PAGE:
This blog post is written by Mike Rogers CEng FICE, ICE specialist for The Civil Engineering Exam.
In his previous role as Professional Development Manager at the ICE, Mike acted as the Membership Development Officer for hundreds of graduates around the world, and also reviewed many European Directive Route applicants.
The Law of the Land
Directive 2005/36/EC of the Parliament and Council of Europe governs the recognition of professional qualifications across entire jurisdiction of the European Economic Area (the 28 EU member states plus Iceland, Liechtenstein and Norway).
As set out in Article 3(2):
A profession practised by the members of an association or organisation listed in Annex I shall be treated as a regulated profession.
Inspecting Annex I, under the list for United Kingdom, the Institution of Civil Engineers features as item number 24. This is also confirmed in the European Commission's Regulated Profession Database by searching for “Chartered Engineer“.
Bear in mind that if you become a Chartered Member of the ICE via this route, you will not be a “Chartered Civil Engineer” which is protected by the Royal Charter's declaration number 8:
… Those … who have satisfied the requirements of the Institution’s Chartered Professional Review … (but no others) may describe themselves as Chartered Civil Engineers.
In practice there are so few instances that specifically require a Chartered Civil Engineer as opposed to a Chartered Member of the ICE, that you do not need to worry about this point. Though if you have any colleagues who became Chartered through the European Directive calling themselves Chartered Civil Engineers, please show them the Royal Charter or this blog post!
Whilst Brexit may change the application of the European Directive, the ICE has not yet withdrawn this Route to Membership and will wait to see the results of the UK/EU negotiations before deciding on the future of this route.
Brexit or not, there is still a severe shortage of skilled engineers in the UK. As reported in The Telegraph just this morning this is expected to get even worse. If you are seeking to become an ICE member via this route, now may be the time to strike whilst the opportunity is still there. None of us can predict whether this route will exist in two years time, but at least it can provide a little more certainty towards your future in the UK.
How we can help
The European Directive Route is similar to a Career Appraisal whereby you submit the Attributes Achievement Form, but one key difference is that if your original submission does not convince the ICE of your ability against the nine attributes, you may be summoned for an ‘Aptitude Test' and/or ‘Adaption Period' which carries its own fees of approximately £300 and £340 respectively. Combined with the application fee, this could add to over £900. It is therefore critical that your submission is done properly from the outset.
There are common pitfalls in regards to the demonstration of the necessary competencies, the adequacy of the information supplied and the manner in which the candidates may elect to demonstrate their evidence. CPD can also be a significant stumbling block but this can be addressed with some planning.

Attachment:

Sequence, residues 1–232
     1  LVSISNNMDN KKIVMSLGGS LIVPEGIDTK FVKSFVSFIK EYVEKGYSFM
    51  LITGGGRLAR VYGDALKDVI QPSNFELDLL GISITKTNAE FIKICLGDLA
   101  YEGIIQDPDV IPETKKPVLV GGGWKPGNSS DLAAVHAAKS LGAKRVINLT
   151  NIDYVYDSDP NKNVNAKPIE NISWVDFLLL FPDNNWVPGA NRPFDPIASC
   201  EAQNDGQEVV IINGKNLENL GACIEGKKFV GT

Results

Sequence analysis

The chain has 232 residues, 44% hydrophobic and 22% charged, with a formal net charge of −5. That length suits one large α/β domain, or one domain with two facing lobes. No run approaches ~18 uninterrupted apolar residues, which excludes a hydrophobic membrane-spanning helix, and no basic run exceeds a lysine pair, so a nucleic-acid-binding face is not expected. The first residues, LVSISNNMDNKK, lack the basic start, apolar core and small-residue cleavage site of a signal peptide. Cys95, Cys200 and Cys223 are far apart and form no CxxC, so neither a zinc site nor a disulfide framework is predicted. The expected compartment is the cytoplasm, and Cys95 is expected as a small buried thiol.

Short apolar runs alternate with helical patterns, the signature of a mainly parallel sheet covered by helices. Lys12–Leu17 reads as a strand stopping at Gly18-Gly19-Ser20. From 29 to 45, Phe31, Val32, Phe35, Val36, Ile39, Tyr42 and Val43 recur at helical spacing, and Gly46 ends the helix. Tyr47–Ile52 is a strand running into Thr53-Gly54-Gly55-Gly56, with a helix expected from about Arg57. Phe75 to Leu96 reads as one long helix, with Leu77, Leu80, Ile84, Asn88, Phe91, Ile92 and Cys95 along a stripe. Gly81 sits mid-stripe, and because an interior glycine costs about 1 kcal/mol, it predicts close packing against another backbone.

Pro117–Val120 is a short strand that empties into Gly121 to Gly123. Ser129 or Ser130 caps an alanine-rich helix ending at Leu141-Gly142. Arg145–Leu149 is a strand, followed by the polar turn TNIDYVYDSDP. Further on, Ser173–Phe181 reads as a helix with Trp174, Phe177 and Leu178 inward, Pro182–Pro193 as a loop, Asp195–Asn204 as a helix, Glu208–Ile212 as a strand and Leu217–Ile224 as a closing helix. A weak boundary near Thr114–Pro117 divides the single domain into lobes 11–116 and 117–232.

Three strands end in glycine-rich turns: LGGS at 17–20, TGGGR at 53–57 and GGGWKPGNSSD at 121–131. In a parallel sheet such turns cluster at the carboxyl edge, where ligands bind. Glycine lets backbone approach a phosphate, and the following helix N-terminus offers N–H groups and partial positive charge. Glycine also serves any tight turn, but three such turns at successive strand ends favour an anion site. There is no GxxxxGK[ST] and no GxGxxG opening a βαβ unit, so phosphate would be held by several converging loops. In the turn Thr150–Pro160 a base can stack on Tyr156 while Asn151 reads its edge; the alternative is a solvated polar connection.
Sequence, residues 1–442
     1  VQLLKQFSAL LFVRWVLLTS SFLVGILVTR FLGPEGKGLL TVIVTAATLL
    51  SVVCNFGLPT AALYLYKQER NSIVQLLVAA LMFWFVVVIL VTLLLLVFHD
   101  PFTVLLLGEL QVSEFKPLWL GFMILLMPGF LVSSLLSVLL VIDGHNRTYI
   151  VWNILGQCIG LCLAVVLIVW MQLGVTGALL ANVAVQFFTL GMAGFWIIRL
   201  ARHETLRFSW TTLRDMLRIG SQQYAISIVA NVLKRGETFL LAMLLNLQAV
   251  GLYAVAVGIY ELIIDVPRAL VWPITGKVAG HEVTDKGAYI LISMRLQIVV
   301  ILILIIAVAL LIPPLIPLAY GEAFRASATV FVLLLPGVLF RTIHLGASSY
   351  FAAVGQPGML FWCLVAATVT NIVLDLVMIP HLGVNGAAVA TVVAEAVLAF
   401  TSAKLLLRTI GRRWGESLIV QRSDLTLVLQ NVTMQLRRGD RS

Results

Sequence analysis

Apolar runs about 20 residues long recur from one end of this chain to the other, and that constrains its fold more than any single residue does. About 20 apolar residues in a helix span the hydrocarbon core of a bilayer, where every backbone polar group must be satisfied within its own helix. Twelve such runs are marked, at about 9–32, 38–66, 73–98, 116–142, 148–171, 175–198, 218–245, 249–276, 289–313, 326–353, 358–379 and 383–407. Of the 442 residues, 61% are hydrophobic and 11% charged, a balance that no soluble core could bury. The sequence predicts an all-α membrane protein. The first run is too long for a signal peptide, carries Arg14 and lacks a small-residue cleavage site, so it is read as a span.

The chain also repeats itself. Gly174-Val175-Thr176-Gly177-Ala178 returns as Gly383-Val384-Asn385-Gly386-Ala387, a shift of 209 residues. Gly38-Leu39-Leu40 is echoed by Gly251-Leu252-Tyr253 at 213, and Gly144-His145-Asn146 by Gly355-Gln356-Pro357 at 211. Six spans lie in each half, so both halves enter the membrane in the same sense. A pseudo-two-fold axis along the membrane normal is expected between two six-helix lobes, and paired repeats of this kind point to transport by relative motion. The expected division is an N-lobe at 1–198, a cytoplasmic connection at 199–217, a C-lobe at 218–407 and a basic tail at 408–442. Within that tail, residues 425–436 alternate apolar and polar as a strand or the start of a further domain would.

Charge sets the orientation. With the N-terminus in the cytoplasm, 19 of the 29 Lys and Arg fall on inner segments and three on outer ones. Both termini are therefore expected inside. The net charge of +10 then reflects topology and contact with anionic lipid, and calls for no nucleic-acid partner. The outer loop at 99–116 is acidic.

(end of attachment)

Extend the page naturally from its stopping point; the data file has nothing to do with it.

Getting the right advice at the start of the process can mitigate the pitfalls and ensure that your application meets the standards expected and allows you to demonstrate how your experience meets the required competencies through the Attributes. We offer a service to scrutinise your draft submission, providing written feedback and oral feedback via Skype for you to submit to us a second draft version for us to give feedback. You are welcome to contact us for more details of this service.
Some questions that come up with regards to the route are answered below:
Can a UK citizen use European Directive route if he/she gained the professional qualification abroad first then returned to the UK?
You will be eligible to use the European Directive Route provided that you have not gained experience or a qualification in the UK before gaining the relevant Professional Qualification in the other member state.
What happens if I already hold protected engineering title upon graduation in another EEA country (e.g. The Netherlands and Germany) but cannot satisfactorily demonstrate the Attributes?
There is a requirement to demonstrate all the nine attributes to be successful with the European Directive Route. Should you not have the experience there are a few choices: wait until you have gained sufficient practical experience to demonstrate the attributes; or you can undertake an Adaption Period where you can gain the necessary knowledge or experience through a period of supervised working in the UK.
Since engineering is not a regulated profession in the UK, can I become Chartered in the UK first then move to another EEA country?
In theory the EEA Member States have an obligation to operate the Directive and have developed local variations. There may be challenges in gaining this and each country has its own set of rules. The most effective approach will be to consult the professional body.
While the term ‘engineer' is not protected in the UK, you should see our comment above on the Regulated Profession Database, in particular the entry for “Chartered Civil Engineer“. The same goes for “Incorporated Engineer” and “Engineering Technician”.
Further details can be found on the ICE website. TCEE would be pleased to assist you should you wish to have the support of a mentor with regards to completing your Attribute Achievement Form or your CPD.